Wusthof is hardly inexpensive. Despite your comment, Wusthofs and other similar German knives neither take nor hold a good edge compared to entry level Japanese knives. They are strong and heavy. They design and weight does compensate in some measure for poor sharpening and knife skills. And of course... it's a matter of taste. If you prefer German knives, good for you. Anyone who tries to tell you what you should like is a jerk; and -- jerk or not -- I'm not about to start.
Going back to Wusthof, the Classic is a very well made knife, but in my opinion you don't get much performance advantage over a much less expensive but equally well-made Forschner. All you get for 4X the price is a bolster and a nice box. The same is true for other traditional, high-end German knives like Henckels and Messermeister.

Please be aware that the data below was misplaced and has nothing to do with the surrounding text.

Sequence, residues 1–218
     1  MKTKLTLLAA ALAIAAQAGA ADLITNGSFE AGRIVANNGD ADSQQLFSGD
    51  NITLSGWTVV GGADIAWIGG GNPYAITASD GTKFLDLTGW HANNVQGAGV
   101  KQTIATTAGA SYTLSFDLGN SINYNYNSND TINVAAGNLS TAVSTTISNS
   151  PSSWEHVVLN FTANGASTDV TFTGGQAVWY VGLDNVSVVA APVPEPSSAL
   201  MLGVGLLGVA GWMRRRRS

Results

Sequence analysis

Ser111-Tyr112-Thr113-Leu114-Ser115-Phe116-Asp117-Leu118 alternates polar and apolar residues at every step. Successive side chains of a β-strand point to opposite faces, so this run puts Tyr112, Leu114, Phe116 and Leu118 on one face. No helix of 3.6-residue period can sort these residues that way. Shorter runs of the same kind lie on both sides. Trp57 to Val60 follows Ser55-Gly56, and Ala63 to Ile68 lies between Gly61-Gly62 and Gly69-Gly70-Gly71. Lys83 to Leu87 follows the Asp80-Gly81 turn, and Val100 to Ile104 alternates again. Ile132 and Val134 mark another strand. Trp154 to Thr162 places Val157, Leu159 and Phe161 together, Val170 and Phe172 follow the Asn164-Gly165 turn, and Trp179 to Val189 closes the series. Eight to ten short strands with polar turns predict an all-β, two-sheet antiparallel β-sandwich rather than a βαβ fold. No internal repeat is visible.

Furthermore, a 10" Wusthof Classic runs around $150 (Cutlery and More), and a 9.5" MAC Pro is around $170. At that end of the market, I don't think the $20 difference is as important as which type suits the buyer better.
In my opinion, and it's only an opinion mind you, anyone doing more than an hour a day of knife prep would be well served by a knife which takes a very sharp edge and stays sharp without excessive steeling for a very long time; and the most bang for the buck is (in order) Richmond Artifex (USA), Fujiwara FKM (Japan), and Tojiro DP. For what it's worth, those and others like them aren't fancy-shmancy knives. They're just tools.
It's always bothered me that people want to sell beginners tools which are most compromised, most difficult to use, the most uncomfortable, the flimsiest, and the most difficult to maintain, when those beginners need all the help they can get.
Let's not forget though.... It's all about sharpening.